From the production house that gave blockbusters such as Love, Sex aur Dhokha, and Once upon a time in Mumbai, comes Shor in the City. Having done rounds of International Film Festivals and received positive acclaim plus some awards too, Shor releases at a time when the box-office is luke-warm owing to a lull due to cricket and subsequently no film for the past month being remotely successful. From the makers of averagely accepted films Flavors and 99, with Shor in the City, do directors Raj Nidimoru and Krishna DK get third time lucky?
MUMBAI- inspiration, fascination, obsession for many of us. So many experiences to be told, so many tales in a single heartbeat. But in this city of dreams, where it’s believed there’s a little room for everyone, dreams come at a price. Every single one of them. The price being honesty, identity, love, perseverance, pride, or just plain moolah, anyone who wants to live his dream here, has to pay for it. Such is the case of Abhay (Sendhil Ramamurthy) NRI back to his homeland hoping to start a business but has to dole out extortion demands first. Or teenager Saawan (Sundeep Kishan) who has to warm the pockets of officials to ‘EARN’ a place in the junior cricket squad, and only then will he subsequently be able to marry girlfriend Sejal (Girija Oak), who has her own fight against arranged marriage, and avoid being paraded by her parents in front of strangers. Or the story of chindi chor (petty thieves) trio – Tilak (Tusshar Kapoor), Ramesh (Nikhil Dwivedi), Mandook (Pitobash Tripathy) who sell pirated novels, but one day set out to make a fortune, when they accidentally rob a bag of expensive ammunition. The three tracks run into each other during the course of the 10-day festival of Ganesh Chaturthi, the only possibly legitimate event for the city to break all norms of noise-pollution. And in true sense of the word, Chaos Begins!
As the posters have clearly established, the larger focus is on the male leads in the movie. It’s a two-way loyalty show, with the filmmakers having given every character adequate screen space, while every actor has justified their presence by giving stupendous performances. Sendhil (debuting in Hindi films is an established actor in UK and Hollywood: Heros and Its A Wonderful Afterlife), and Sundeep make applaud-worthy debuts, comfortable in their skin and being in character throughout. It adds extra zing as neither shows apprehensions of being newcomers, not trying too hard, yet maintaining fine balances in scenes separating professional and personal dilemmas. Tusshar, in a sober, pragmatic role (as last seen in 2007’s Shootout at Lokhandwala) is convincing. His restrained demeanor is pitch-perfect in the romance episode with Radhika Apte, which in my opinion is one of the most beautifully sketched in recent times, could have been ruined had it not been for the couple’s secure equation, which glows charmingly on-screen. Supporting ladies Preeti Desai (Sharmili), Girija have strong screen presence, but sadly not much to do. Despite being tough to choose one performance over the other, Pitobash is the undisputed winner, his eccentricities so endearing that you crave to see more and more scenes with him uttering wacky lines with utmost aplomb. The assortment of other cameos are brilliant, each a honest performer in their own right.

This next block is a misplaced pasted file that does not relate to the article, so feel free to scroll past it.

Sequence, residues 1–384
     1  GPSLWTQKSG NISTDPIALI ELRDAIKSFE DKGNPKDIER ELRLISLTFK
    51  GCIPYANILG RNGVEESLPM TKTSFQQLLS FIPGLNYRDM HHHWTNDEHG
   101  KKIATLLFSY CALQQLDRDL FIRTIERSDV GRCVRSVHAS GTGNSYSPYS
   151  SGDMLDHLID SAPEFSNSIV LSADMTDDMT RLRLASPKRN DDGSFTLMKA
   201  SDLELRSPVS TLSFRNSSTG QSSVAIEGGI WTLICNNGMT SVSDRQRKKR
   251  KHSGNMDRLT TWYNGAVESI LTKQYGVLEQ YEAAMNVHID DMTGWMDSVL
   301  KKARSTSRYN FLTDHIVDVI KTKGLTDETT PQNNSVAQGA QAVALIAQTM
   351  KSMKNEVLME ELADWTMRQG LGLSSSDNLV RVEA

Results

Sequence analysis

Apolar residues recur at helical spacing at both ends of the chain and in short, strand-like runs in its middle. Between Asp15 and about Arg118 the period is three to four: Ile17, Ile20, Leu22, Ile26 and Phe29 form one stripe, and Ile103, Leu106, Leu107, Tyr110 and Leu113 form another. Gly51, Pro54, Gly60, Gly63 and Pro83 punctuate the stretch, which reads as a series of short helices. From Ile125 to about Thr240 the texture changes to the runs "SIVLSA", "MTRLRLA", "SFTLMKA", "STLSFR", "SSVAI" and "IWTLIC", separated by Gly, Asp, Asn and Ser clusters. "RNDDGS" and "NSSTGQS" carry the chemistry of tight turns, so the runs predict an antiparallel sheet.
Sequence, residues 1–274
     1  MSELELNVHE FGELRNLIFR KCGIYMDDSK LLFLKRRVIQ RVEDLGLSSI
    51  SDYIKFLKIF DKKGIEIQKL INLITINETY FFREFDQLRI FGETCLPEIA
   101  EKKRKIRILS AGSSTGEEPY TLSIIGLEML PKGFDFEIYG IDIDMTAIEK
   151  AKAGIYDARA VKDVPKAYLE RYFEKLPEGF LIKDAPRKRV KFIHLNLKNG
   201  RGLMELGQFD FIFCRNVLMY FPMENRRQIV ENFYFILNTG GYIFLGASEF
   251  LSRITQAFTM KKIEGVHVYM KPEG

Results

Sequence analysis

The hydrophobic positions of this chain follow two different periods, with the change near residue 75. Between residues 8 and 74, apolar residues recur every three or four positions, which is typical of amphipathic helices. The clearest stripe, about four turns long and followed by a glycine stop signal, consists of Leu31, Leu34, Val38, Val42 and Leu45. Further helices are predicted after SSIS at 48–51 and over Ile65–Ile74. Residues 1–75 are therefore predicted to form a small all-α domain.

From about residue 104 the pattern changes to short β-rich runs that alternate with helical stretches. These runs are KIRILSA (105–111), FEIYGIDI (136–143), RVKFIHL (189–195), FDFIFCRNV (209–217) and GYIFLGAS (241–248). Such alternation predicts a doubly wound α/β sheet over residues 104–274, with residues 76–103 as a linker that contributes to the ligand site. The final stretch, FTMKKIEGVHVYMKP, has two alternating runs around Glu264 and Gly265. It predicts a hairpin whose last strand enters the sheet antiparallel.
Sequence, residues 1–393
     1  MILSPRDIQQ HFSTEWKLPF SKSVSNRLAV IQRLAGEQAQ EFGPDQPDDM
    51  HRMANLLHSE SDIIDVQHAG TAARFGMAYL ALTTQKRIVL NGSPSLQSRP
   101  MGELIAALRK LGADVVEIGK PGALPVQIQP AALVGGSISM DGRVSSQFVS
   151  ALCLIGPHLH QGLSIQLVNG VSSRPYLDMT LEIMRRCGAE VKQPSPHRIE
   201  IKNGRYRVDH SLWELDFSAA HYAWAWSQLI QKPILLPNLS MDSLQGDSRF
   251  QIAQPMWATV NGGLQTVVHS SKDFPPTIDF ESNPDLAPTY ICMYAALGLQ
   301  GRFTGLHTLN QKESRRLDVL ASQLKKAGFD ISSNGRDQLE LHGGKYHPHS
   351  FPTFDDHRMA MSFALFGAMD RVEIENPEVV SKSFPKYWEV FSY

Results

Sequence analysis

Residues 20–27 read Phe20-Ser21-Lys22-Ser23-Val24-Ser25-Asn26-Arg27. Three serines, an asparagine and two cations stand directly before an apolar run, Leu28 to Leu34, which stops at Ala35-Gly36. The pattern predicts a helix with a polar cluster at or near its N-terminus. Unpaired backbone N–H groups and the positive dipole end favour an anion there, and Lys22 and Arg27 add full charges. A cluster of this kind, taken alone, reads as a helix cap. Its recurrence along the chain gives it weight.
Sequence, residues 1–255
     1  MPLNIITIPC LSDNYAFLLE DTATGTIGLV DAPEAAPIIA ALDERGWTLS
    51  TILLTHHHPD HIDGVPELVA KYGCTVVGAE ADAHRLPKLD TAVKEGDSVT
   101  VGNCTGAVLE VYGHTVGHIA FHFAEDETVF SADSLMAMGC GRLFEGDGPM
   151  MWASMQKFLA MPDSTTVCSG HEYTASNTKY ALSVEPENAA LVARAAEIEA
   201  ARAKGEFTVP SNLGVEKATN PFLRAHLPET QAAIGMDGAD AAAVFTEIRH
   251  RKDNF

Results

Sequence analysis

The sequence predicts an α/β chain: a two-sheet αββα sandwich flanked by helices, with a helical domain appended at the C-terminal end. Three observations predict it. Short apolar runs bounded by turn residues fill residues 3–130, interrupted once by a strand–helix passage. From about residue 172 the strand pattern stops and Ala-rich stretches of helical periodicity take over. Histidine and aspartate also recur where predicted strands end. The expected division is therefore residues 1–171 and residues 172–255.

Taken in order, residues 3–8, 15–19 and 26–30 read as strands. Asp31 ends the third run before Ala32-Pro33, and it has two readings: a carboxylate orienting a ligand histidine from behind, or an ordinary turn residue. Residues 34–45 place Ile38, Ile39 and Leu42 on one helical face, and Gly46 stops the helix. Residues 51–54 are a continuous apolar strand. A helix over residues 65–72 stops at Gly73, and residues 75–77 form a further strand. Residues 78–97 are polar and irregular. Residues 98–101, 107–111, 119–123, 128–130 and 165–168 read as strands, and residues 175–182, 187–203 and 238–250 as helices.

At the recently concluded FICCI Frames, in a session of debutants, comprising filmmakers Vikramaditya Motwane (Udaan), Abhishek Sharma (Tere Bin Laden), Kiran Rao (Dhobi Ghat), Habib Faisal (Do Dooni Chaar), Maneesh Sharma (Band Baaja Baaraat) and Karan Johar, an important point that was raised was that the industry followed a herd mentality when it came to themes and characterizations. What it meant was that if one particular story-line, genre or character became a hit, every ensuing film would follow the same track. With Shor.. I had similar reservations, as the broad narrative of ‘commoner struggling to get a foot-hold in the maximum city’ has been dealt with before in novels or celluloid. I wondered how different it could be and how innovative could the filmmakers get. Interestingly, directors/writers Raj Nidimoru, Krishna D.K. Along with Sita Menon use tact and soulful creativity, to weave a delightful account of human emotions with just the right blend of tension plus humor that it’s hard as a viewer to not be fascinated as well as amused in the same tones. There’s a delicate undertone of attention to detail by the filmmakers which is encouraging and no character here, is a typecast or caricature. Though some of us who’ve been part of this wild chaos called ‘Mumbai’ will sense a d